Stories
Slash Boxes
Comments

SoylentNews is people

posted by LaminatorX on Sunday October 19 2014, @03:52PM   Printer-friendly
from the supply-and-demand dept.

After rising rapidly for decades, the number of people behind bars peaked at 1.62 Million in 2009, has been mostly falling ever since down, and many justice experts believe the incarceration rate will continue on a downward trajectory for many years. New York, for example, saw an 8.8% decline in federal and state inmates, and California, saw a 20.6% drop. Now the WSJ reports on an awkward byproduct of the declining U.S. inmate population: empty or under-utilized prisons and jails that must be cared for but can’t be easily sold or repurposed. New York state has closed 17 prisons and juvenile-justice facilities since 2011, following the rollback of the 1970s-era Rockefeller drug laws, which mandated lengthy sentences for low-level offenders. So far, the state has found buyers for 10 of them, at prices that range from less than $250,000 to about $8 million for a facility in Staten Island, often a fraction of what they cost to build. “There’s a prisoner shortage,” says Mike Arismendez, city manager for Littlefield, Texas, home of an empty five-building complex that sleeps 383 inmates and comes with a gym, maintenence shed, armory, and parking lot . “Everybody finds it hard to believe.”

The incarceration rate is declining largely because crime has fallen significantly in the past generation. In addition, many states have relaxed harsh sentencing laws passed during the tough-on-crime 1980s and 1990s, and have backed rehabilitation programs, resulting in fewer low-level offenders being locked up. States from Michigan to New Jersey have changed parole processes, leading more prisoners to leave earlier. On a federal level, the Justice Department under Attorney General Eric Holder has pushed to reduce sentences for nonviolent drug offenders. Before 2010, the U.S. prison population increased every year for 30 years, from 307,276 in 1978 to a high of 1,615,487 in 2009. “This is the beginning of the end of mass incarceration,” says Natasha Frost. "People don’t care so much about crime, and it’s less of a political focus."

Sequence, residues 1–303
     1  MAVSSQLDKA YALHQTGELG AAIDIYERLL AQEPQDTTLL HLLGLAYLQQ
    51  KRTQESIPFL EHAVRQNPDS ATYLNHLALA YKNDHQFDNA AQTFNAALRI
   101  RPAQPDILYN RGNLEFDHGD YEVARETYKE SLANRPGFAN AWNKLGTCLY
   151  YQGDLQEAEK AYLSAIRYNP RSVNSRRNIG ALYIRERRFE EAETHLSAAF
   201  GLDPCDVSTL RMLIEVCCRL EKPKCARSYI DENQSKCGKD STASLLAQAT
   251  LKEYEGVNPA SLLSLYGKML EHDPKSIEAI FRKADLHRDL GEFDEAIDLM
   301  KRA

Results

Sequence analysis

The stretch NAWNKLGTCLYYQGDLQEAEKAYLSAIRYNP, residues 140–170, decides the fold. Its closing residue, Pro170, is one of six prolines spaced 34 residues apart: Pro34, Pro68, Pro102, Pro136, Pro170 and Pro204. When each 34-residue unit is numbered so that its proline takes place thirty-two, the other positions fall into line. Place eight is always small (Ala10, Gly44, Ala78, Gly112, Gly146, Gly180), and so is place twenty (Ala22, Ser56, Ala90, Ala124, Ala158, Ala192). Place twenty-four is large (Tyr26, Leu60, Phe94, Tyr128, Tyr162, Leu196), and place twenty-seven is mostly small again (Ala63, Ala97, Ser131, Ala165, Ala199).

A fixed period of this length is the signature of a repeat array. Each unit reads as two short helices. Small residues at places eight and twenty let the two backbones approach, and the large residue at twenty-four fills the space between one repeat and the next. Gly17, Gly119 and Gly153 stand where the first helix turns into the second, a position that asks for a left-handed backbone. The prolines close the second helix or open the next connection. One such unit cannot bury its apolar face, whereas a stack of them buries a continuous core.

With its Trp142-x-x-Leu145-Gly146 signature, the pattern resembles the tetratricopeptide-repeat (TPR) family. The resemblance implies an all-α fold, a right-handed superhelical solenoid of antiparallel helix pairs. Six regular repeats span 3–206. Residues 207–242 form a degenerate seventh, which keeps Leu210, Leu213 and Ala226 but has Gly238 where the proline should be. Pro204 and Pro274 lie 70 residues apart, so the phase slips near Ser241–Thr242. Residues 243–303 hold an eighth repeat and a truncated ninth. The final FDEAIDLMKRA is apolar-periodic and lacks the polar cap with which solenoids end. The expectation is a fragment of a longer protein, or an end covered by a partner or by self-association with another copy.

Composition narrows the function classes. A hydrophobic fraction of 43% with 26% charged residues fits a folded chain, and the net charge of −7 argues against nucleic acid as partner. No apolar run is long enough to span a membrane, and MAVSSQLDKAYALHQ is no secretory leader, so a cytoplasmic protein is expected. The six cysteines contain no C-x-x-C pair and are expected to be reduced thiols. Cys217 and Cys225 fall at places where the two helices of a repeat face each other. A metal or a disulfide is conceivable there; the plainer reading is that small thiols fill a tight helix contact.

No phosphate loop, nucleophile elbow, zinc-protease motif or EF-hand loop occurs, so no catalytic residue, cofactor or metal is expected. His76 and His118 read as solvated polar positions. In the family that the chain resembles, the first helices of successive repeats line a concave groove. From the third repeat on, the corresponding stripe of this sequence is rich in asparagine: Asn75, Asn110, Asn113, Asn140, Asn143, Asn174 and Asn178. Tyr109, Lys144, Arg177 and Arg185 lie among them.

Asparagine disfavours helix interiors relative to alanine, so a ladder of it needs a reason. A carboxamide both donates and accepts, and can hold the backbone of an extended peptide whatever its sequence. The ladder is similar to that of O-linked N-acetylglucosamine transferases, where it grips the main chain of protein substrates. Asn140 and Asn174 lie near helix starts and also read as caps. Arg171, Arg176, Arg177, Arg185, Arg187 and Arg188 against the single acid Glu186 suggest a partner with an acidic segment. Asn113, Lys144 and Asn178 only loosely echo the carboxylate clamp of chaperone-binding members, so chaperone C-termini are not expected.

This discussion has been archived. No new comments can be posted.
Display Options Threshold/Breakthrough Mark All as Read Mark All as Unread
The Fine Print: The following comments are owned by whoever posted them. We are not responsible for them in any way.
  • (Score: 1) by Anonymous Coward on Sunday October 19 2014, @06:52PM

    by Anonymous Coward on Sunday October 19 2014, @06:52PM (#107597)

    A lot of private jails and prisons have contracts with the state their in to get paid for 100% occupancy even if they're completely empty, so they have no reason to refill them.

    Starting Score:    0  points
    Moderation   +1  
       Underrated=1, Total=1

    Total Score:   1  
  • (Score: 1, Troll) by sjames on Sunday October 19 2014, @10:06PM

    by sjames (2882) on Sunday October 19 2014, @10:06PM (#107631) Journal

    Sure they do. Somebody's gotta man those phones and sell security systems and investment funds!

    • (Score: 0) by Anonymous Coward on Sunday October 19 2014, @11:42PM

      by Anonymous Coward on Sunday October 19 2014, @11:42PM (#107648)

      Choose your source [google.com]. There's just so many of them, I don't know which one to use! I don't want to accidentally pick a "biased" or "slanted" one that could easily be brushed off.

      Many or most have occupancy clauses which require 90-100% occupancy from the state, giving police an incentive to lock people up for nothing, and the state will move people from state prisons to private prisons, and if that still doesn't cut it, the state has to pay for the empty beds.

  • (Score: 2) by urza9814 on Monday October 20 2014, @05:33PM

    by urza9814 (3954) on Monday October 20 2014, @05:33PM (#107888) Journal

    If the prisons aren't full though there's no incentive to build more and get more money.

    In their annual report to the SEC, Corrections Corporation of America has directly stated things like, "The demand for our facilities and services could be adversely affected by...leniency in conviction or parole standards and sentencing practices."

    They spend millions lobbying Congress and even more lobbying state governments.

    The issues they lobby on are things like increasing detention of undocumented immigrants -- ie, directly lobbying to put people in prison. Because that's how they make their profits.

    Even if someone believes that the private sector does everything best, and government should be as limited as possible...prisons still need to be public if they're going to exist at all. Because having more people in prison is REALLY not something we want to incentivize...